Of course, the Palestinians are no strangers to hypocrisy, nor to strange alliances. On the resolution on UNRWA, the Palestinian refugee program, Israel, the United States and the Marshall Islands (which is possibly the most dependent state in the world on Washington funding) abstained, because of the language. These were joined by unlikely allies Syria and Lebanon, who abstained for totally different reasons. They feel that the secretarygeneral had no right to decide unilaterally that UNRWA's headquarters would be moved from Vienna to Gaza. Its original home was, of course, in Beirut until conditions grew bad and Kurt Waldheim saw a chance to roll a pork barrel in the direction of the Austrian electorate.
However, the reasons for Syrian and Lebanese objections are not totally selfish, given present conditions. Objectors want to know how their representatives can get to UNRWA Council meetings in Gaza when all the means of access are still very much under Israeli control?
Palestinians Have the Deeds, But Israel Has the Land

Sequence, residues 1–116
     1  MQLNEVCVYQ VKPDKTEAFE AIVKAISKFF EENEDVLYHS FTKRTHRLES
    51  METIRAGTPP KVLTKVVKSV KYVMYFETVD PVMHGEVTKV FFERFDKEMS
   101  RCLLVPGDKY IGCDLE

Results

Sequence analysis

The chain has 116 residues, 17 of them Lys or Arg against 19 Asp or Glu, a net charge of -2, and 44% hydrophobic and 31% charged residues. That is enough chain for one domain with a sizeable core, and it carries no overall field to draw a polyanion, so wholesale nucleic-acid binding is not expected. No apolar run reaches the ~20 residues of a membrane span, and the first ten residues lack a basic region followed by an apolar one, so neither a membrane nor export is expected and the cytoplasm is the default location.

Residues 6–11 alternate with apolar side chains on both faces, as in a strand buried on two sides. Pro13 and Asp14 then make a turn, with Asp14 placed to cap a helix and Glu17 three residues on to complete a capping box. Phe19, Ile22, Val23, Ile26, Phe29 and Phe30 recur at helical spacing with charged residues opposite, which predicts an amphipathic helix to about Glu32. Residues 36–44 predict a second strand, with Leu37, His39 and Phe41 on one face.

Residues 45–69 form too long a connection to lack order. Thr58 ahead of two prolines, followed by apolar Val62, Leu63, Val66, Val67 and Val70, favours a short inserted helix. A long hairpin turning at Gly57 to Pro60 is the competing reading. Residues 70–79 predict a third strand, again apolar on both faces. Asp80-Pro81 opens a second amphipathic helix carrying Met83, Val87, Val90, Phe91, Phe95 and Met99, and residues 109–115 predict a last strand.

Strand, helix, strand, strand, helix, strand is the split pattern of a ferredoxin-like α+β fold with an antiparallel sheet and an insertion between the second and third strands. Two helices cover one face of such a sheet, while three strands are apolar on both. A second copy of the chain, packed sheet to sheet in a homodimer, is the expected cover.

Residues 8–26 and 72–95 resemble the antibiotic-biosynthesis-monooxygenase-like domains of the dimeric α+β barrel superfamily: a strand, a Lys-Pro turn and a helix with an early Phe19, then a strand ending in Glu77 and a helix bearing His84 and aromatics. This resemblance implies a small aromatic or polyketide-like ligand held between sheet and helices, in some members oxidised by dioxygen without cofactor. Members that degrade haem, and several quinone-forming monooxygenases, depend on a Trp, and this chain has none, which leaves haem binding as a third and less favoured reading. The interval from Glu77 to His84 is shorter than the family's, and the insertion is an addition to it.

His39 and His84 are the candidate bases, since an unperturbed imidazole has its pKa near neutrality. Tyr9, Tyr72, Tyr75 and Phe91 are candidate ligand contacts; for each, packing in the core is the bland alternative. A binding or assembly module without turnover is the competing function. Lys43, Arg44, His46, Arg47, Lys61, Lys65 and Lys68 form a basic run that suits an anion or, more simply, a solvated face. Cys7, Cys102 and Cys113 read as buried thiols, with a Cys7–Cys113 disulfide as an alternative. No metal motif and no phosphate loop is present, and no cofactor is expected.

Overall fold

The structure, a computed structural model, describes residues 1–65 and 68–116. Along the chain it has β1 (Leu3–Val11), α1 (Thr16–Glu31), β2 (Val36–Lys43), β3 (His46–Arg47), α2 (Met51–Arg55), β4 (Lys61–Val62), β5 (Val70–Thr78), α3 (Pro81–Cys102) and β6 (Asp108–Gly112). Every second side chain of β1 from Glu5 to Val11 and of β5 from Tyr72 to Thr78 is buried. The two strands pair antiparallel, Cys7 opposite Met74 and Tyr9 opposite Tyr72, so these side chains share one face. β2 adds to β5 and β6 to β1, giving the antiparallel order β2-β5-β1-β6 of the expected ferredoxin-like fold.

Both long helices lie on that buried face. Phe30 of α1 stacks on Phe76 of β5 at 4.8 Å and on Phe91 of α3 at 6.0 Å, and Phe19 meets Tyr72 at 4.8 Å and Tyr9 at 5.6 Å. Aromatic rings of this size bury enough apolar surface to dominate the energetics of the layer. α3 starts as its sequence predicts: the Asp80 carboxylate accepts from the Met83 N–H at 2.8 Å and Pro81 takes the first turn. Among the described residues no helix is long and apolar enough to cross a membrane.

Other resolutions pertaining to the Palestinians called for the application of the Geneva Conventions to the occupied territories--including Jerusalem--and the building of an "Al Quds" University in Jerusalem. Perhaps the most controversial was a resolution calling for devoting the revenues from Palestinian refugee property to the Palestinians. Although the U.S. and Israel opposed the resolution and some 40 U.S. allies abstained, it was adopted over-whelmingly.
The abstentionist position sums up the dilemma of many countries in dealing with Israeli-Palestinian negotiations. Generally such countries accept that the Palestinians, in this and other resolutions, are legally entirely in the right. But in practical terms, since Israel is substantially built on refugee property, they feel that there is no way that the Palestinians ever will get all their rights. The principle that possession is nine-tenths of the law, which has taken only a few short years, indeed months, to apply in Bosnia, has had half a century to apply in Israel.